These words, quoted from the Fall, 2013 issue of my WVU Magazine describe the reaction of Tom Sopher, a city councilman and president of the Raleigh County Historical Society when he became involved in an effort to secure legal access to a 3-acre tract of public land for the City of Beckley, West Virginia. Accomplishing this goal would not be easy because the land was being held under a private claim made 8 years earlier. Sopher and other community leaders realized they needed help from outside the Beckley community.
In order to secure legal claim to the beautiful tract, Beckley officials followed the advisement of Jeremiah Johnson, general manager of the sanitary board, to contact the West Virginia University (WVU) College of Law’s Land Use and Sustainable Development Law Clinic (LUSD Clinic). According to the LUSD Clinic website, the clinic provides legal services to local governments, landowners and non-profit organizations to develop land conservation strategies and practices. WVU law students who participate in the clinic gain practical experience in the field of land use law and policy… Guided by experienced attorneys and other land use professionals, students contribute to land and water conservation efforts throughout the state.
|Remains of 1800’s gristmill on Piney Creek, Beckley, WV|
Photo: M.G. Ellis, WVU Magazine
Now, let’s travel an hour north of Beckley on I-77 to the West Side of Charleston, WV where Rev. Matthew J. Watts serves as pastor of Grace Bible Church. According to an article by Jake Stump published in WVU Magazine entitled “West Virginia’s West Side Rising,” this part of the city of Charleston has a varied history. The West Side community thrived after the abolition of slavery. In fact, during the first half of the twentieth century, African-Americans owned a large percentage of the area’s businesses. Washington Street is described as a bustling corridor and the educational system was in sturdy shape.
When well intended desegregation policies were instituted in the 1960’s, the West Side prosperity was decimated by the closure of black schools and black-owned businesses. The departure of professionals robbed the community of entrepreneurs and spiritual role models, leading to poverty of body, soul, and spirit. Rev. Watts arrived in the late 1970’s as the West Side was falling victim to the effects of crack cocaine and related violence. After more than four decades, the community still suffers. Forty percent of children live in poverty and the elementary schools rank among West Virginia worst.
|Rev. Matthew Watts gives WVU officials a tour of the West Side.|
Photo: Brian Persinger, WVU Magazine
Some possibilities include having Chancellor’s Scholars tutor children and involving the University’s urban design team in renovating buildings… …the School of Public Health and the WVU Extension Service, specifically its Energy Express program, could also play effective roles in revitalizing the West Side. Energy Express is an eight-week summer reading and nutrition program for children...
Rev. Watts is optimistic about the partnership among community nonprofits, WVU, and other entities to revitalize the West Side. He is particularly confident in David Fryson’s leadership, saying,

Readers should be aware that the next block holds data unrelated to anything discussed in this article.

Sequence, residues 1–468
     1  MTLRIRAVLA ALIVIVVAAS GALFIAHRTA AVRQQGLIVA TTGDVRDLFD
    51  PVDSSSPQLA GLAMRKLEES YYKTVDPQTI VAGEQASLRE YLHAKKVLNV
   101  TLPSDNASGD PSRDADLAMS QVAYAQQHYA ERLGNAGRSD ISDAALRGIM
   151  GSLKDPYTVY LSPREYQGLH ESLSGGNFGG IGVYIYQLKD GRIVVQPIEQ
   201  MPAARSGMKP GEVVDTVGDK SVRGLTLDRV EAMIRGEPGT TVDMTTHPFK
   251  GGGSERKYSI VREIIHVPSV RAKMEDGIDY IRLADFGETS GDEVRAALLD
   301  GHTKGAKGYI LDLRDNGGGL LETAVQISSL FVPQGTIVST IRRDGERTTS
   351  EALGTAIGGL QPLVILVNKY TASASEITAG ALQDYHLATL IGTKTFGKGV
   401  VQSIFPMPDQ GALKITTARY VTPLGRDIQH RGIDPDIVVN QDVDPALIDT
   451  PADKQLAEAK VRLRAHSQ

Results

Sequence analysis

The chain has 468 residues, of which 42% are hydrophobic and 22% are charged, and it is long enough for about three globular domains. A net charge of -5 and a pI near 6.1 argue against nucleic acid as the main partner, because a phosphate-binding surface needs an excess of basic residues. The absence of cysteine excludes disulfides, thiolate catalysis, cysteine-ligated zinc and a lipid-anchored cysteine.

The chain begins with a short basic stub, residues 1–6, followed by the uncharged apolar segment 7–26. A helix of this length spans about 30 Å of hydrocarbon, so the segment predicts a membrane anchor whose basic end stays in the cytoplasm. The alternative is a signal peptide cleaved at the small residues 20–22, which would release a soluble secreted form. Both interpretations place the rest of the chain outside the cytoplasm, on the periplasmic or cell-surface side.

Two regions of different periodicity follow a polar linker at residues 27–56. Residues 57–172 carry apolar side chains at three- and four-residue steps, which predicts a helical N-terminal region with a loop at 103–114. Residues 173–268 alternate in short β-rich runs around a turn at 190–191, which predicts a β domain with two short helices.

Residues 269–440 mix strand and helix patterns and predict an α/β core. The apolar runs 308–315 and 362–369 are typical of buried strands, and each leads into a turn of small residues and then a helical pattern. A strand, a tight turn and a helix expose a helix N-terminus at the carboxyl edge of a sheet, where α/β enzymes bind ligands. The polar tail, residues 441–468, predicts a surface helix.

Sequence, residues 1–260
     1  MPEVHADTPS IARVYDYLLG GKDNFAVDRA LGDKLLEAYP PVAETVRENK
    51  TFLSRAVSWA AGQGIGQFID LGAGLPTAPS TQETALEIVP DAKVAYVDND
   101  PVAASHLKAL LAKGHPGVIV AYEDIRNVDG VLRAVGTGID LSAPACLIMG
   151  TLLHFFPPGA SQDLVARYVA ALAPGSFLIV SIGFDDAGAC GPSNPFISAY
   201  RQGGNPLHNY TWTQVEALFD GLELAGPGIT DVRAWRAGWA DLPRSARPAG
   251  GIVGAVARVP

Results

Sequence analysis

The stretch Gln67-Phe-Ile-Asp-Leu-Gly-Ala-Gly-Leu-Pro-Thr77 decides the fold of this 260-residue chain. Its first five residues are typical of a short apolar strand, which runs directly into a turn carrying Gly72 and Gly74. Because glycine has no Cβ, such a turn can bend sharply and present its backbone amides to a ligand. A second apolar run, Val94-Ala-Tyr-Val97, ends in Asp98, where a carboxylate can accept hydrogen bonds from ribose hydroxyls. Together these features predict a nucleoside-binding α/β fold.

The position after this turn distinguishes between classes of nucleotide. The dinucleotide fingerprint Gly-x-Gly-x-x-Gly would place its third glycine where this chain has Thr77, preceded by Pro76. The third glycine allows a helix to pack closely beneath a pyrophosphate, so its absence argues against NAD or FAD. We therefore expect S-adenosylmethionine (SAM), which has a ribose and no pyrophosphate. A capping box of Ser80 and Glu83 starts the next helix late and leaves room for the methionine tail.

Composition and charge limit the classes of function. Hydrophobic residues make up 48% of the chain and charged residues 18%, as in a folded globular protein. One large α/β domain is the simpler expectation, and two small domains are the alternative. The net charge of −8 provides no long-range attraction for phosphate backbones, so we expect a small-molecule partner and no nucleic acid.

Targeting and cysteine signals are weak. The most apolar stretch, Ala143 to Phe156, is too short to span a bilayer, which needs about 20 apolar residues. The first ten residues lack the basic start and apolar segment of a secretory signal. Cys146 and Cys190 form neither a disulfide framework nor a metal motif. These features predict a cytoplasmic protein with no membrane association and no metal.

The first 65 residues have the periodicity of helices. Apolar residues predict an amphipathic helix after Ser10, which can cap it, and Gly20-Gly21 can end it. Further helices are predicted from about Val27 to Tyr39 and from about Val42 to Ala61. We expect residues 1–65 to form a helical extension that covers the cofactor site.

He knows that there’s tremendous potential in the population. He always articulated about this mosaic quilt of humanity and how tapping into all of that diverse talent would make all of us better.
From my summary of the two WVU Magazine articles, we can see that Beckley and Charleston West Side are two very different communities with different histories and current needs. But both are awakening to the awareness of their potential and are seeking ways to bring expertise and resources together to develop and strengthen their respective communities. Whether it is watershed conservation, or preserving a historical site, or reviving a decimated human community, a common theme is restoration. As the two accounts in WVU Magazine suggest, restoration starts with individuals in a community who identify elements that have great value – a beautiful stream and watershed, a historical site, a once bustling community, and the people living in strong families within community.
Once a community realizes elements of value, a second theme should undergird restoration efforts; namely, stewardship. For example, the City of Beckley cannot go out and create a watershed or duplicate beautiful Piney Creek. Instead, community leaders have worked with students and faculty of the WVU LUSD Clinic to resolve wastewater problems and develop land use planning consistent with good stewardship of the landscape as it exists. Likewise, the West Side case illustrates the importance of stewarding the sense of community by spiritual and educational renewal. Instead of simply seeking a pipeline for state or federal monies, Rev. Watts, along with his church and the nonprofit organizations mentioned above, has partnered with Rev. James Ealy, a city councilman who helps oversee a local community center with his wife. They, along with other West Side church leaders and laymen recognize the importance of stewardship of biblical principles and their transforming power in the human soul. It is through redeemed human souls that God can bring about true human flourishing and community restoration.
At a time when many in Washington may be learning that hastily crafted federal programs costing billions can fall far short of their well intended goals, it is refreshing to read that my alma mater, WVU, is serving the state of West Virginia and local communities. Furthermore, it is gratifying that WVU is doing so, not by prescribing an ivory tower vision of what communities should be. Instead, energetic students and faculty come to a community with a willingness to listen to spiritual and civic leaders and to understand he vision of each community before offering ideas and resources needed to accomplish real change in individuals and community.